There are a few farm animals around the farm to see and also some Irish red deer, but these disappeared into a corner of the field when we approached.
Just behind the entrance kiosk, there is a dolmen in the field.
Entrance is 3€.
A few kms from Dingle on the Slea Head drive, on a wide promontory sits the prehistoric Dunbeg fort. An impressive ringfort it dates from around 500BC. Quite well preserved it has incredibly thick walls (up to 5 metres) but was mainly used as an observatory over Dingle Bay.
Cost for entrance was 3€
This is also the area for "Clochàns" or beehive huts, mainly in the nearby village of Fahan. These lie on private land and there is a charge of 2€
Adare Manor - another good reason to go to Adare
Adare Manor is another good daytrip from Dingle ! Adare Maror is one of the most famous luxury hotels in Ireland and it was built inside an old manor-house dating back to the year 1720. A large park is surrounding the hotel and during the summer guards will watch the entrance of that park - in winter you may enter freely and without restrictions and take a walk around :
There is a river flowing through the park and the golf-course of the hotel was built around an old friary - see my pictures.Related to:
- Luxury Travel
- Road Trip
Adare - a great daytrip from Dingle
Adare is one of my favorite places in Ireland, and you will pass through this lovely village, when going from the north or the east of Ireland to Dingle peninsula. A short stop-over certainly makes sense, although Adare became quite touristy lately. In Adare you may still see plenty of straw-thatched houses and also the ruins of 4 medieval friaries ( one of them is inside the park and golf-court of the castle-Hotel).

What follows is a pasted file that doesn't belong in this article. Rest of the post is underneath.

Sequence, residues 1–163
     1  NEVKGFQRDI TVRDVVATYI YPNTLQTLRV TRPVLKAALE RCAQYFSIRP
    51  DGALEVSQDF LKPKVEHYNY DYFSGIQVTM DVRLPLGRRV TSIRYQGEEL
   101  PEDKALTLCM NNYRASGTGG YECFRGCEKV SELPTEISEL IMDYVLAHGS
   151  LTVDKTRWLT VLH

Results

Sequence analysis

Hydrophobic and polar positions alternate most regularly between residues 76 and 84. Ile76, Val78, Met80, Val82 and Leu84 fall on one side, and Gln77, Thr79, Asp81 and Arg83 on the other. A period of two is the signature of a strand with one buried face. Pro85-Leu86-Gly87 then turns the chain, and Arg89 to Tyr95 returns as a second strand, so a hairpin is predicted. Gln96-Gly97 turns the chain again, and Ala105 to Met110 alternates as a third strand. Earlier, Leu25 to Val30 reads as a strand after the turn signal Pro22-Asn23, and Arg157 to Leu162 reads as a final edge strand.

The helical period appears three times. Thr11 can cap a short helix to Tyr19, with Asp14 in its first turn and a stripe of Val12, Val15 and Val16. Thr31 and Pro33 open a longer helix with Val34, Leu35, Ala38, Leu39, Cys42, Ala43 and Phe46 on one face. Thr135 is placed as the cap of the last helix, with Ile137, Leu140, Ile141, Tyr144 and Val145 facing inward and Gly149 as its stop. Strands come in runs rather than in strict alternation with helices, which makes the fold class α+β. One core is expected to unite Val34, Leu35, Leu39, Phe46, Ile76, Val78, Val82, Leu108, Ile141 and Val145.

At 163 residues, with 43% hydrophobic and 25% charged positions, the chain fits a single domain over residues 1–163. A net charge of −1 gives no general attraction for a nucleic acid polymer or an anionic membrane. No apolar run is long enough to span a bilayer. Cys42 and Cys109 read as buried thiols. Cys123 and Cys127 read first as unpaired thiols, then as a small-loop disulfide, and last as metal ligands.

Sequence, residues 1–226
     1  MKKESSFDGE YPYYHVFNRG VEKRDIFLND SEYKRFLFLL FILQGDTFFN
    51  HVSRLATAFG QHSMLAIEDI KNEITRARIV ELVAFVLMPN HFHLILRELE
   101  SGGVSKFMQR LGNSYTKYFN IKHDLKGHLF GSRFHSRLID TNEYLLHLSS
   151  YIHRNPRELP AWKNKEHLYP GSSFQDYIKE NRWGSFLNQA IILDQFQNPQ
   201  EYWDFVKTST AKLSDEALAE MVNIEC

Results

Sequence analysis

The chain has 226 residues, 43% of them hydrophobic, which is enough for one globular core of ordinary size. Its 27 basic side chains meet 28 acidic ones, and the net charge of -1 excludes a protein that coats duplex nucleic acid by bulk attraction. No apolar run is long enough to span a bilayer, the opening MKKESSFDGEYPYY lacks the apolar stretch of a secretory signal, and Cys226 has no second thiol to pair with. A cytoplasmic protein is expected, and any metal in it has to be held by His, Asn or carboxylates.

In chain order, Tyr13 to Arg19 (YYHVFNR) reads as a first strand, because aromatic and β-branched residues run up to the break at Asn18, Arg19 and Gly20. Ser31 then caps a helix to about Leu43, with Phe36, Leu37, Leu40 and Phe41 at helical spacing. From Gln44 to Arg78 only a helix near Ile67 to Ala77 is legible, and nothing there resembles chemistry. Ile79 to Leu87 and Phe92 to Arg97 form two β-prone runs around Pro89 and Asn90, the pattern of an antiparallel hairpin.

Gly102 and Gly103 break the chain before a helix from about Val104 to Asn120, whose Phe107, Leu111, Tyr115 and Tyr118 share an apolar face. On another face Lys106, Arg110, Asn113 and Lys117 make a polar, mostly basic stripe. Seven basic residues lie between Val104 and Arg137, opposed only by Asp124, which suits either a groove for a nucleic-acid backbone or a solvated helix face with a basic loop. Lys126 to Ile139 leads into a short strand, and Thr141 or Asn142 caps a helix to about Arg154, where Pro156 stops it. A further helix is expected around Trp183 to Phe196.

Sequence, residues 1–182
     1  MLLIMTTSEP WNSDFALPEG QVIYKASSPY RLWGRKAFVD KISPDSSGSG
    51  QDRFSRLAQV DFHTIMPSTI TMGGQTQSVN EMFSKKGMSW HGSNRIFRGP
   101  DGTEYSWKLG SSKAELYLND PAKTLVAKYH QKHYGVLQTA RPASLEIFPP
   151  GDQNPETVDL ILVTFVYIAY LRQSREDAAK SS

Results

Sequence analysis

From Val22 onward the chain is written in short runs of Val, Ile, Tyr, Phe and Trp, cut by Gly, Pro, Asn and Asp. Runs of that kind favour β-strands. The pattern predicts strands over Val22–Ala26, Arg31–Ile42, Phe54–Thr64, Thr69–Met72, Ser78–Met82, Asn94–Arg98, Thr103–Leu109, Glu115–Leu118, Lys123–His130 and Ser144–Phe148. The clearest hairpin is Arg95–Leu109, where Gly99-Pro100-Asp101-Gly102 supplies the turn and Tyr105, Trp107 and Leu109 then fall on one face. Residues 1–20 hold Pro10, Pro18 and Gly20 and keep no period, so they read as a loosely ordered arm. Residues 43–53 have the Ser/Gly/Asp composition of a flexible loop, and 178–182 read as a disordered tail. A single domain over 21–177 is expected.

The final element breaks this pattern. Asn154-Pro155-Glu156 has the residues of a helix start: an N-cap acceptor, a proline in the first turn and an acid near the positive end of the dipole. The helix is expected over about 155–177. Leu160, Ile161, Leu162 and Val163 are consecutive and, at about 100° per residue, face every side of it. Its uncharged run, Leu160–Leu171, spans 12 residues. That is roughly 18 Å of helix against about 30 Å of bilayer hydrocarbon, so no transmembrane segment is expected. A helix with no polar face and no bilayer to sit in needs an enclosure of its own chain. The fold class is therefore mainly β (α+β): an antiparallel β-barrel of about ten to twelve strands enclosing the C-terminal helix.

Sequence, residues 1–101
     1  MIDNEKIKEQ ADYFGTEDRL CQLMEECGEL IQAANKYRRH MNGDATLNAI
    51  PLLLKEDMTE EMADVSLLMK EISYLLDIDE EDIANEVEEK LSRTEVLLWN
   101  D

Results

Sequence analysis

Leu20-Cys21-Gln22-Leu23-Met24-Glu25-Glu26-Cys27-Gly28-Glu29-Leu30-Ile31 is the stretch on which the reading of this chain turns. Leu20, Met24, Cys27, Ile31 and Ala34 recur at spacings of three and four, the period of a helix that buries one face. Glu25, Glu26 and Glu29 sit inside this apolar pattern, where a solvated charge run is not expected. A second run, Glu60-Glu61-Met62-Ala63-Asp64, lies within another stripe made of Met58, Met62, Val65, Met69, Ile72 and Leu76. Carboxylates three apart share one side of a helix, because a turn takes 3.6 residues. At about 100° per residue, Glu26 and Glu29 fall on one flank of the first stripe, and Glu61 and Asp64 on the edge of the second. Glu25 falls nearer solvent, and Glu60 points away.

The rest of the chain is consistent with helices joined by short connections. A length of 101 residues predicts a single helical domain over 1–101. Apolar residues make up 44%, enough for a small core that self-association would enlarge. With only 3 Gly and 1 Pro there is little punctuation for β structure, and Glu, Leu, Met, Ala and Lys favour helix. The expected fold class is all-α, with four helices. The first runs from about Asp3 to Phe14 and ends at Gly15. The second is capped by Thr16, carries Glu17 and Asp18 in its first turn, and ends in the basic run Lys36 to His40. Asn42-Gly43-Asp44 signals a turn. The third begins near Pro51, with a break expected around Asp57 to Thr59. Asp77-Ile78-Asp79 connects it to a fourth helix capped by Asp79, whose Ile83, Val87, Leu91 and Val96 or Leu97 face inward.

Adare is certainly no more a cheap place to spend the night, in fact the hotels are quite expensive there, BUT it certainly makes a great day-trip from Dingle !Related to:
- Arts and Culture
- Road Trip
Tralee - at the north-east end of Dingle
Tralee is a town of 17.000 inhabitants, not far from the north-east-end of Dingle-peninsula. Every year thousands of visitors will go there end of august to see the festival "Rose of Tralee" and vote for the new Rose...
The Kerry County Museum is another good reason to visit Tralee. The exhibits include archeoligical details and a audio-visual journey through the anglo-norman settlements of Tralee, including medieval smells.
The Siamsa Tire-Folk Theatre is another attraction of Tralee offering traditional music & dance-performances during the summer.
Kerry County Museum (Tel: 066 27777) is open daily march-december